frankincense [‘fr??k?nsen(t)s] ладан, myrrh [m??] мирра, cracker [‘kr?k?] хлопушка, петарда

II. Glory in the Highest

8 Now there were in the same country shepherds living out in the fields, keeping watch over their flock by night.

9 And behold, an angel of the Lord stood before them, and the glory of the Lord shone around them, and they were greatly afraid.

10 Then the angel said to them, “Do not be afraid, for behold, I bring you good tidings of great joy which will be to all people.

11 For there is born to you this day in the city of David a Savior, who is Christ the Lord.

12 And this will be the sign to you: You will find a Babe wrapped in swaddling cloths, lying in a manger.”

13 And suddenly there was with the angel a multitude of the heavenly host praising God and saying:

14 “Glory to God in the highest,

And on earth peace, goodwill toward men!”

15 So it was, when the angels had gone away from them into heaven, that the shepherds said to one another, “Let us now go to Bethlehem and see this thing that has come to pass, which the Lord has made known to us.”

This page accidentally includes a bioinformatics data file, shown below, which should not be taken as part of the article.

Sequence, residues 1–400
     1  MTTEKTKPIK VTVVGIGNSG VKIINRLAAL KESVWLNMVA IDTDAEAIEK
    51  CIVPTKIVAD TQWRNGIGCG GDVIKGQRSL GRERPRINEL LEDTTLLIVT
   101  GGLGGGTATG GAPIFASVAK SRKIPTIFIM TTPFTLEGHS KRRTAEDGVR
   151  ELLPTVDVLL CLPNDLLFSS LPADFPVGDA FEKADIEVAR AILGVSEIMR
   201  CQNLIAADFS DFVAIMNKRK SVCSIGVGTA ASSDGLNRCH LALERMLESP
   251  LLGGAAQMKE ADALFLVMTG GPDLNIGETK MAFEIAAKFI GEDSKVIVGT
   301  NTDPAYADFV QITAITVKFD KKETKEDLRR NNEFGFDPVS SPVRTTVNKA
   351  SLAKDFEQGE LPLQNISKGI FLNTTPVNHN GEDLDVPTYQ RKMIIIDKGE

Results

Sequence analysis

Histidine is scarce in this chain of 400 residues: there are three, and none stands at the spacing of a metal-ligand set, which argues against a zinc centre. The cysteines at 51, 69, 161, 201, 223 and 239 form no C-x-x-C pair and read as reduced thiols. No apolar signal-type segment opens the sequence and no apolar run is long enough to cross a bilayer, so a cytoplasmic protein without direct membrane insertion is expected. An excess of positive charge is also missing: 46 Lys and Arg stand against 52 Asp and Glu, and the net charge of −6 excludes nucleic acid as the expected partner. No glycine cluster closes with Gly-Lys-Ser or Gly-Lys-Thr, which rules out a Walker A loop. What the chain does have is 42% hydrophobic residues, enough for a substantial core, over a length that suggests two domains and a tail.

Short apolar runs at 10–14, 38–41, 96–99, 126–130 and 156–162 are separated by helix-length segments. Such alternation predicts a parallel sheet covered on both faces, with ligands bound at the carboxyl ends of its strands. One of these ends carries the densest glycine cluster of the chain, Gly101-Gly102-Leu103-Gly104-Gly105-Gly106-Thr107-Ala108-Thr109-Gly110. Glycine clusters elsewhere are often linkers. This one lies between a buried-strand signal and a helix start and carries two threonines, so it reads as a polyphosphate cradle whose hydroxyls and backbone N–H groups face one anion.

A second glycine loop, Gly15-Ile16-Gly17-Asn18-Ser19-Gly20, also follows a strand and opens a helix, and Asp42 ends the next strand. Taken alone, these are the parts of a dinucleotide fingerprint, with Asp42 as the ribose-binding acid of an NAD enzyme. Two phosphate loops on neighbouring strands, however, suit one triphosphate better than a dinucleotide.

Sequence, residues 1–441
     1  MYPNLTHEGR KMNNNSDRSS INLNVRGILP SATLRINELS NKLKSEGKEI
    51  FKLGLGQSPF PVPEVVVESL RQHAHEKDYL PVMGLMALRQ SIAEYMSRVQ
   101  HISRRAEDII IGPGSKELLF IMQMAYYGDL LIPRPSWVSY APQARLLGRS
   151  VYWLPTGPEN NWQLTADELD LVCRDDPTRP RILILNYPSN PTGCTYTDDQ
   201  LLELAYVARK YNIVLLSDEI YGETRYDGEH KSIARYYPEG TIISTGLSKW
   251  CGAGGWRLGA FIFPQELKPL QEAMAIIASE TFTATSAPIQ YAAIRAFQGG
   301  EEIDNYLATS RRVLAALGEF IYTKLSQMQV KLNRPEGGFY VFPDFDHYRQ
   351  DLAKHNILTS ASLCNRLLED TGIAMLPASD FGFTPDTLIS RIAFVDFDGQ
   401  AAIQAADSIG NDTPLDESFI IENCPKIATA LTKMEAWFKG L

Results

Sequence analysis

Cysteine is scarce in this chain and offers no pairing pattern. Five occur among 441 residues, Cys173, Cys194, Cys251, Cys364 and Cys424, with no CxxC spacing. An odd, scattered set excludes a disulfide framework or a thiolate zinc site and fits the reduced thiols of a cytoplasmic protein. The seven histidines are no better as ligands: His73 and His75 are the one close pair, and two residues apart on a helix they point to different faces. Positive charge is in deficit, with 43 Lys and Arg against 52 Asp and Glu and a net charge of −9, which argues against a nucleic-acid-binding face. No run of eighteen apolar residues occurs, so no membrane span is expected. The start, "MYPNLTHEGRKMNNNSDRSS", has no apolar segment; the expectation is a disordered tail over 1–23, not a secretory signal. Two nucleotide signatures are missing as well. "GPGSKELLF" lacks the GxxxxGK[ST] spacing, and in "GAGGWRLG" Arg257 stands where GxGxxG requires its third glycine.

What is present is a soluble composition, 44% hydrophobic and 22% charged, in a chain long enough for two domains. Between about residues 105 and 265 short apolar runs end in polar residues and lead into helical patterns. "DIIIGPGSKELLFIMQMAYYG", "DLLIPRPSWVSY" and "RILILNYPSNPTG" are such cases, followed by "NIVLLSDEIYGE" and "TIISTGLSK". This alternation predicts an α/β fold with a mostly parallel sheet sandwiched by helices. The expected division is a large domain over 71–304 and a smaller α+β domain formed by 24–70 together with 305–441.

16 And they came with haste and found Mary and Joseph, and the Babe lying in a manger.

17 Now when they had seen Him, they made widely known the saying which was told them concerning this Child.

18 And all those who heard it marveled at those things which were told them by the shepherds.

19 But Mary kept all these things and pondered them in her heart.

20 Then the shepherds returned, glorifying and praising God for all the things that they had heard and seen, as it was told them.


shepherd [‘?ep?d]  пастух, чабан

stand [st?nd] stood  стоять

shine [?a?n]  shone светить, сиять, озарять

bring [br??]  brought приносить, привозить; приводить; доставлять

find [fa?nd]  found находить, встречать, обнаруживать; заставать

tidings [‘ta?d??z] известия, новости, вести

manger [‘me?n??] кормушка, ясли

swaddling clothes – пелёнки, свивальники

marvel [‘m??v(?)l] изумляться, удивляться; восторгаться, восхищаться (чем-л. / кем-л.

keep [ki?p] kept  держать, не отдавать, сохранять; беречь

ponder [‘p?nd?] обдумывать, взвешивать

III. Listen to the Christmas song. Answer the questions

  1. what are they dreaming of ?
  2. which tense is used in the song to ponder about the dream?